In 1950, Bing Crosby and The Andrews Sisters recorded the song “Mele Kalikimaka,” which tells us about Christmas in Hawaii. The song instructs us to say the phrase as a Christmas greeting. The term first appeared in print in 1904, several years after the US annexed Hawaii. It grew in popularity as tourists from the mainland flooded into Hawaii for a tropical holiday. Hawaiians, then as now, were torn between welcoming those tourist dollars and mourning the loss of their kingdom. Today, some Hawaiians will sing along with the familiar Crosby song, while others hate the phrase. University of Hawaii linguistics professor Gary Holton tells us about Mele Kalikimaka.
So, what does it mean? “Nothing,” says Holton. “It’s basically gibberish.” Technically, it’s a borrowed phrase: a term in a foreign language, in this case English, transferred into Hawaiian using what linguists call the rules of phonotactics, or sounds available in that language, Holton explains.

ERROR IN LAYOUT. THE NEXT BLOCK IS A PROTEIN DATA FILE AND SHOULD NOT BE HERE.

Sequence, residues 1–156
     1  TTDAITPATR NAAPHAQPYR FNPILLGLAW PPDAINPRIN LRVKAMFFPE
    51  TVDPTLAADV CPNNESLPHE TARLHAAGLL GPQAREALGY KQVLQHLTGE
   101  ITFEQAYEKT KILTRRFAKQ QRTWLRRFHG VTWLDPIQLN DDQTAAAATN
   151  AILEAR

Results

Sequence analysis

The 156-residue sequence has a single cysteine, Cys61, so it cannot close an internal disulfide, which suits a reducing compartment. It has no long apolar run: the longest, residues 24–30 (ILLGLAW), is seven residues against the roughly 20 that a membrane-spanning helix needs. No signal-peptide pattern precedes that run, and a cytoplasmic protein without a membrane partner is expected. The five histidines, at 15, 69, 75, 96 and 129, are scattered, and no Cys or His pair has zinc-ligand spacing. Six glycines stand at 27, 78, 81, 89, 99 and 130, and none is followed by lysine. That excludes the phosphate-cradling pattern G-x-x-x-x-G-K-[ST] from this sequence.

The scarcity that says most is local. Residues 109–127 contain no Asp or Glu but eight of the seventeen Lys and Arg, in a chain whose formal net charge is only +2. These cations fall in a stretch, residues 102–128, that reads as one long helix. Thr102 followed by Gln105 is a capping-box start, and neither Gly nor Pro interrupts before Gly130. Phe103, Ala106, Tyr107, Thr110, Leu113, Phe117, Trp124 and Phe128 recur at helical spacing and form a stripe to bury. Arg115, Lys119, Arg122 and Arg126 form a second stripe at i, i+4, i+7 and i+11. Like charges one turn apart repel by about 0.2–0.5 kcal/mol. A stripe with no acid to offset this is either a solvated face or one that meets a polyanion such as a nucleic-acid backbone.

Wikipedia breaks down how the term was coined.
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The phrase is derived from English as follows:
↓ Every consonant must be followed by a vowel in Hawaiian. The T is removed, since it is already silent in English.
↓ C is not a letter in Hawaiian; the closest phonetic equivalent is K.
↓ R is not a letter in Hawaiian; it is equivalent to L. Y is replaced by E, the sound it already denotes in English.
↓ S is not a letter in Hawaiian; the closest phonetic equivalent is K.
Atlas Obscura has the story of Mele Kalikimaka, and a suggestion for a better way to say Merry Christmas in the Hawaiian language.